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3rd Feb 2019 Epiphany 4C – Sermon – Continuing the work of Christmas

“The Work of Christmas” by Howard Thurman

find the lost,
heal the broken,
feed the hungry…

When the song of the angels is stilled,
when the star in the sky is gone,
when the kings and princes are home,
when the shepherds are back with their flocks,
the work of Christmas begins:
to find the lost,
to heal the broken,
to feed the hungry,
to release the prisoner,
to rebuild the nations,
to bring peace among the people,
to make music in the heart.[i]


Gosh, is it only six weeks since Christmas. It already feels like a life time ago. Hopefully this beautiful little poem draws together the birth of Jesus and the beginning of his ministry. And in deed they were a life time apart. The reason for celebrating Christmas only really makes sense we begin to appreciate Jesus’ life, death and resurrection. Christmas is the moment of Incarnation, but it is a moment that progressively saturates the whole of human existence. Well, that is, if we let it. Our Gospel reading today reminds us that actually humanity tends to resist embracing the incarnation and all its implications. To help us appreciate the Gospel let’s also sample the other readings.

Jeremiah and the Psalmist have a sense of God being with them from their youth or even from birth.

Before I formed you in the womb, I knew you. Jer 1:5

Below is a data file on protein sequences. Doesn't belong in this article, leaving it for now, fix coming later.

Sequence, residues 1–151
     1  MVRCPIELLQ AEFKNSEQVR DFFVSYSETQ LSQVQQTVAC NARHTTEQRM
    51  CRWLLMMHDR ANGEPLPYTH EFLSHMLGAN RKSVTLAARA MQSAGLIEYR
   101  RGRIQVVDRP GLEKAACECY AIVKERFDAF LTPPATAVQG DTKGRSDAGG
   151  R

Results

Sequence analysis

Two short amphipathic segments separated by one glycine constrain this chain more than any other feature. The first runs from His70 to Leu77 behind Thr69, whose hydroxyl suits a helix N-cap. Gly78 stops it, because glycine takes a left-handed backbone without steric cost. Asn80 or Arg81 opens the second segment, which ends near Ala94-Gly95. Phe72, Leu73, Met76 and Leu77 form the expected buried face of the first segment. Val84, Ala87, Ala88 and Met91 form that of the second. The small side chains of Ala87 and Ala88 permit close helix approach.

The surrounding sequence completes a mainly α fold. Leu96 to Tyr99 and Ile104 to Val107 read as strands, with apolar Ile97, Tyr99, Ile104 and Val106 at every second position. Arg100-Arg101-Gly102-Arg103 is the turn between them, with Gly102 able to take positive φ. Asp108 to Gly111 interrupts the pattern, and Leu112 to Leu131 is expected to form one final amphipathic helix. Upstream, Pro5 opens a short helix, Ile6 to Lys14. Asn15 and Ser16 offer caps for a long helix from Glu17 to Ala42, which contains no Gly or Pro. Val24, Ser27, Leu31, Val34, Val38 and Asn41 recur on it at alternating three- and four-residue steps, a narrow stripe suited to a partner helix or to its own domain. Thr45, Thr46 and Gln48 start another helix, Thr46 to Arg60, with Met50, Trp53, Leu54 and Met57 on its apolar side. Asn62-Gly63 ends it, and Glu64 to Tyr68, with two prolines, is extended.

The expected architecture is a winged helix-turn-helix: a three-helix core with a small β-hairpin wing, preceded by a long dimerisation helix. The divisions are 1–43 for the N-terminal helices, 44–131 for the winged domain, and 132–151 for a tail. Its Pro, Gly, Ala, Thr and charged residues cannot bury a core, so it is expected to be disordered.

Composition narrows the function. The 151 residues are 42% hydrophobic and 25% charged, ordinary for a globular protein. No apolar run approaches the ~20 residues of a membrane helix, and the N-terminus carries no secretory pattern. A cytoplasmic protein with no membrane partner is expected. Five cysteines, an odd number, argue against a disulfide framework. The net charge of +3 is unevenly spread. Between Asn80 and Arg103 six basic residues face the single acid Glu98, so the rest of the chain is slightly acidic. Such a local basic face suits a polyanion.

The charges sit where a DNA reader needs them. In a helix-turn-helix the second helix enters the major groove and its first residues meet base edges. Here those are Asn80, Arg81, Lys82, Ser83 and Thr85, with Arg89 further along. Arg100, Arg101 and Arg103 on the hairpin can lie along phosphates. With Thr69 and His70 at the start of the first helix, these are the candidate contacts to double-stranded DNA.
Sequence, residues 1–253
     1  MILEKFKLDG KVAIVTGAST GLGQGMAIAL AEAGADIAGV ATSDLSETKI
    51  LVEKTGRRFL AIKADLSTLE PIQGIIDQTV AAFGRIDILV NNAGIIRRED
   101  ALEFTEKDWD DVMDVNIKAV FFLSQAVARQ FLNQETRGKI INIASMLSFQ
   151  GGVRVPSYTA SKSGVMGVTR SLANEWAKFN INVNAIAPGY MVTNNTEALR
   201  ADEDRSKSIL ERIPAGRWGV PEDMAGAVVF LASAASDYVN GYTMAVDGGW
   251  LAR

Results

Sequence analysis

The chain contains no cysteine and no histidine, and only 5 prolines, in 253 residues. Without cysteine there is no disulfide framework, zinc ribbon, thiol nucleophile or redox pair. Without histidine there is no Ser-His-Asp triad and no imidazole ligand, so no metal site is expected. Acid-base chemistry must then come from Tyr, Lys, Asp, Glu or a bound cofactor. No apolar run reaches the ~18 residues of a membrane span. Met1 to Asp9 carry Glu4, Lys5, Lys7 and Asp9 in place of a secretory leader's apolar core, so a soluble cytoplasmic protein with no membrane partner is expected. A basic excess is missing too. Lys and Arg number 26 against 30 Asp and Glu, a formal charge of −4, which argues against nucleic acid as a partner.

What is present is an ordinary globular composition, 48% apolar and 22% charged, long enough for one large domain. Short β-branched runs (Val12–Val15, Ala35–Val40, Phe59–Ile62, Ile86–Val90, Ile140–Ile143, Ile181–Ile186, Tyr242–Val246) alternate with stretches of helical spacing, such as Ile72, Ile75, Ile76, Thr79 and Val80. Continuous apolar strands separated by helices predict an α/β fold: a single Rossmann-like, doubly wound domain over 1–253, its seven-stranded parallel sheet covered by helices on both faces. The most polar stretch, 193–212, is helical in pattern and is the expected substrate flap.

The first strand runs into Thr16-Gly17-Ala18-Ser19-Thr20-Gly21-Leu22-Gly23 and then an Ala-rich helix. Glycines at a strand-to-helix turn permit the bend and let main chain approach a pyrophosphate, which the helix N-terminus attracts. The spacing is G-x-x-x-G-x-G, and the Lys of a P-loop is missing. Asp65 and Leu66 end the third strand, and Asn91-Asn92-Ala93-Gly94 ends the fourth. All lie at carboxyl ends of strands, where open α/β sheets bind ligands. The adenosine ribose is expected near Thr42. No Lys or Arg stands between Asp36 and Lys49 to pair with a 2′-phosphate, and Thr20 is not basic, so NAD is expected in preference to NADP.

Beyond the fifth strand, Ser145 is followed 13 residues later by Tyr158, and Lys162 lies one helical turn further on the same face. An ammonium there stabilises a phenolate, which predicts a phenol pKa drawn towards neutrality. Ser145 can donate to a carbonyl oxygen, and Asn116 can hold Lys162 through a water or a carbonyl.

On you have I leaned since my birth:

you are he that brought me out of my mother’s womb, and my praise is of you continually.

Psalm 71:6


‘Before I formed you in the womb I knew you,
and before you were born I consecrated you;

Jeremiah 1:5

I hope and pray that we all have deep in our hearts the knowledge that God was knitting us together in the womb. I guess for some people the sad or painful memories of childhood make that hard to believe. For those people I pray that our Lenten study focusing on Forgiveness will bring us all to the faith in God’s presence even throughout a difficult childhood.

In his letter to the Corinthians Paul speaks of learning as a child but then having to put away childish thoughts. Perhaps he was referring to growing up in the strong restrictive tradition of the Pharisees. It was only in truly encountering Christ that Paul discovered his childhood teaching to be myopic in vision. It was not that God was absent, but he was brought in a social group who effectively put blinkers on their children. The blinkers meant they couldn’t see the breadth, depth and height of the love and grace of God. Paul’s conversions demolished his childhood blinkers.

As Luke tells the Gospel of Jesus we see the same feeling in Jesus as Jeremiah and the Psalmist. When Jesus was “only a boy” (Jer 1:6) we saw him in his “Father’s house” (Lk 2:40) As I said, my prayer for all of us is that we too feel God has been, is, and will always be present in our lives.

Let’s go back to Jeremiah. The prophet has the role to tear down (Jer 1:10) that which gets in the way of grace and only then to build up that which encourages grace. Jesus also tears down the notion that God is owned by the people of Israel.  He tells stories of the foreigners healed/saved by the prophets Elijah and Elisha. (Luke 4:25-27)

The psalmist seems keen to shelter in the sanctuary of the temple. Perhaps he seeks shelter because he has dared to speak the prophetic voice challenging the people of his time. Certainly, Jeremiah like most of the prophets suffers for his commitment to tell the word of God. Jesus mysteriously walks away from the people of Nazareth who would have thrown him of the cliff. The sanctuary of God presence is with him even there on the precipice above Nazareth just as the psalmist and Jeremiah had experienced.